A spat has broken out in the UK about whether leading members of the military should speak out on political matters. Appearing on a BBC politics programme, Nicholas Houghton, chief of the defence staff, was asked about what it would mean if a British leader was explicitly opposed to nuclear weapons and whether such a position would effectively make the nuclear deterrent pointless.
The British nuclear deterrent can hardly have been a surprise topic of discussion when Houghton began his interview with presenter Andrew Marr. The election of Jeremy Corbyn as leader of the Labour Party has brought the subject back to the fore. Corbyn, a life-long member of the Campaign for Nuclear Disarmament, has repeatedly signalled his desire to change his party’s defence policy. He would like to abandon plans to replace the current force of submarines carrying ballistic missiles with a new non-nuclear fleet.
Houghton’s comments and Corbyn’s response might initially be construed as little more than a storm in a teacup – but, in fact, they reflect the increased politicisation of the UK’s senior officer corps, a trend has been emerging for more than a decade.
Houghton knows about the constitutional convention that military leaders do not enter the political arena. He would, therefore, have been prepared to walk on egg shells if this topic came up – and his initial answers on deterrence theory were factual and appropriate given his position. However, he crossed the line when discussing whether deterrence would be undermined if a political leader said they would never press the nuclear button.
Houghton suggested that he would be “worried” if “that thought were translated into power”. He added:
The whole thing about deterrence rests on the credibility of its use … If a prime minister said they would never press the nuclear button the deterrent is then completely undermined.
Corbyn has called on the government to investigate, accusing Houghton of undermining democracy and of political interference. Meanwhile the prime minister, David Cameron, is backing Houghton, as is Alan West, a Labour peer and former head of the navy.
The bigger problem
Corbyn’s reaction shows him to be an overly sensitive unilateralist and Houghton’s remarks are sure to be soon forgotten. But this incident is indicative of something more enduring – the increasing politicisation of the UK’s officer corps.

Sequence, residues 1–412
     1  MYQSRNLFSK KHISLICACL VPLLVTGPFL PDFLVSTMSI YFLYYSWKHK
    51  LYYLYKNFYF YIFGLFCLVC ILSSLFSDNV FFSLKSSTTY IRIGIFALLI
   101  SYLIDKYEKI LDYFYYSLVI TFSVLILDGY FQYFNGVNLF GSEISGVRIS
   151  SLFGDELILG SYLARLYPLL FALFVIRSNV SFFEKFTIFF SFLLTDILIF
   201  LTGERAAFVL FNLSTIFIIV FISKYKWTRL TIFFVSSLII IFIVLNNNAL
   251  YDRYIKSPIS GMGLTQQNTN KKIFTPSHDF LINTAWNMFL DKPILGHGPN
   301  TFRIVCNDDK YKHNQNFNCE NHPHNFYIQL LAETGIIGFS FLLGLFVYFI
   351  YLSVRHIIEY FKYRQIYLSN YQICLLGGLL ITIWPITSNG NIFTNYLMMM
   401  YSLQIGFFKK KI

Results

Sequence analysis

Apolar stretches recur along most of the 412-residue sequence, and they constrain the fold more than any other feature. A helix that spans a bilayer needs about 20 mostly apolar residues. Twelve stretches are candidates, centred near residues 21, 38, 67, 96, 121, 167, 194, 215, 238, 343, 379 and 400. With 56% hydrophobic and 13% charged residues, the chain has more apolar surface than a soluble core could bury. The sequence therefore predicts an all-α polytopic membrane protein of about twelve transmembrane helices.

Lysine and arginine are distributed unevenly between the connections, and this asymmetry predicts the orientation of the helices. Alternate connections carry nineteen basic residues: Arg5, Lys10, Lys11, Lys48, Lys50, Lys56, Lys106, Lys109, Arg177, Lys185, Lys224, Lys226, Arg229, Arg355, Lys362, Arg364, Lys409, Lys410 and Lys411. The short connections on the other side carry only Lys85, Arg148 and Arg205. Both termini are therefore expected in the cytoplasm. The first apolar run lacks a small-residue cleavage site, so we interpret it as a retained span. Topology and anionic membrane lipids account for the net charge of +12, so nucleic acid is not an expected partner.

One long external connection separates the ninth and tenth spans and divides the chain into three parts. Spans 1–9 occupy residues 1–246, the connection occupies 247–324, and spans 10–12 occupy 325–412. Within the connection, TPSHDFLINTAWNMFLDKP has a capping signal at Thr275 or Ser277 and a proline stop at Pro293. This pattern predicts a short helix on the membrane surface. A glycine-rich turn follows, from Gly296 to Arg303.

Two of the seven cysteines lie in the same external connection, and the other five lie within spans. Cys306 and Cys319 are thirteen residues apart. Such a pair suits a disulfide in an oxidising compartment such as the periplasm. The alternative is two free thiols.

Since the early 1990, the armed services have had an increasingly powerful voice within the Ministry of Defence. In operations from Bosnia in the early 1990s to Libya in 2011 the military has increasingly become involved in defining the political goals and measures – taking control away from the civil service.
One example of this – easy to identify because the soldier in question, Brigadier David Richards, wrote about it in his autobiography, Taking Command, – is the way Richards made the unilateral decision to turn what had been strictly a humanitarian and peacekeeping intervention into a military operation without recourse to Whitehall.
This shift has partly come as a result of a lack of ministerial lead but it is also a reflection of an institutional requirement to have control. Richards, who went on to become chief of the defence staff, is quite open about seeking to set the political agenda and engage in politics.
I am very clear in my military advice to the government that we need to understand what the political objective is before we recommend what military effort and forces should be applied to it.
Then of course there is the presence of retired officers in parliament. A number have been elected to sit on both government and opposition benches. In the Lords, however, the convention has been that all Houghton’s predecessors as chiefs of the defence staff have sat as cross-benchers with no overt party affiliation.
This changed during the last Labour government’s time in office, when two former single service chiefs affiliated themselves with political parties in the House of Lords. West was the first, becoming a Labour lord and later a government minister. Then Richard Dannatt adopted the Conservative whip. Both have been very outspoken and highly critical of each other’s parties and both have complained that they were not listened to when serving as head of the armed forces.
Outside parliament, retired military officers are much more often found campaigning for particular interest groups than they used to be. They can be heard offering their views on the failures of Britain’s campaigns in Iraq and Afghanistan, generally pointing fingers at the government rather than the armed forces. This largely uncontested discourse has enabled a variety of myths to emerge, such as the idea that the cuts made in the 2010 defence and security review meant the Falklands could not be retaken if Argentina were to occupy them.
In questioning whether Houghton crossed the line between military matters and politics, Corbyn has raised an issue at the very heart of British democracy. Whatever one might think of Tony Blair and the Labour leadership at the time, it can only be hoped that the Chilcot Inquiry will also seek to highlight the culpability of Britain’s senior military leadership in the planning for and conduct of wars. If it did, the British military might learn to be far more circumspect.
But this is unlikely. The rise of the political general, with his presumption that only he really understands strategy and can think both militarily and politically, is deeply disturbing.
Now is an apposite time to cull the growing ranks of the senior officer core and for civil servants to have power restored to them. If the House of Lords is to be culled, perhaps a good start would be with those retired generals and admirals who have accepted the party whip.